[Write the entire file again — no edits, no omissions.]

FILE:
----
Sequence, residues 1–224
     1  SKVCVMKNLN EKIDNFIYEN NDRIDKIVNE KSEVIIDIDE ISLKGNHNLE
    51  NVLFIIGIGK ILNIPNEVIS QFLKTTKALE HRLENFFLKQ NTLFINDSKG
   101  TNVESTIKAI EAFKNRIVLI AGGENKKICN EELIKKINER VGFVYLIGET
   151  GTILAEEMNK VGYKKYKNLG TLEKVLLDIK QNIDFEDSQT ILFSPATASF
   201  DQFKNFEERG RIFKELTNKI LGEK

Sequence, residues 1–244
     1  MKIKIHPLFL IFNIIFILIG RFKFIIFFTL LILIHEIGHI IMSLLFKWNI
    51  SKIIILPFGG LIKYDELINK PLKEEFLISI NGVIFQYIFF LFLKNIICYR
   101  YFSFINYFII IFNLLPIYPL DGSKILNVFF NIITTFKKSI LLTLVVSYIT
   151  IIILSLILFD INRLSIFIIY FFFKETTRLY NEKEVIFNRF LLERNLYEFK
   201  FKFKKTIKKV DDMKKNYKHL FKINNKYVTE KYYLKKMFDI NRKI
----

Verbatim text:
Sequence, residues 1–224
     1  SKVCVMKNLN EKIDNFIYEN NDRIDKIVNE KSEVIIDIDE ISLKGNHNLE
    51  NVLFIIGIGK ILNIPNEVIS QFLKTTKALE HRLENFFLKQ NTLFINDSKG
   101  TNVESTIKAI EAFKNRIVLI AGGENKKICN EELIKKINER VGFVYLIGET
   151  GTILAEEMNK VGYKKYKNLG TLEKVLLDIK QNIDFEDSQT ILFSPATASF
   201  DQFKNFEERG RIFKELTNKI LGEK

Sequence, residues 1–244
     1  MKIKIHPLFL IFNIIFILIG RFKFIIFFTL LILIHEIGHI IMSLLFKWNI
    51  SKIIILPFGG LIKYDELINK PLKEEFLISI NGVIFQYIFF LFLKNIICYR
   101  YFSFINYFII IFNLLPIYPL DGSKILNVFF NIITTFKKSI LLTLVVSYIT
   151  IIILSLILFD INRLSIFIIY FFFKETTRLY NEKEVIFNRF LLERNLYEFK
   201  FKFKKTIKKV DDMKKNYKHL FKINNKYVTE KYYLKKMFDI NRKI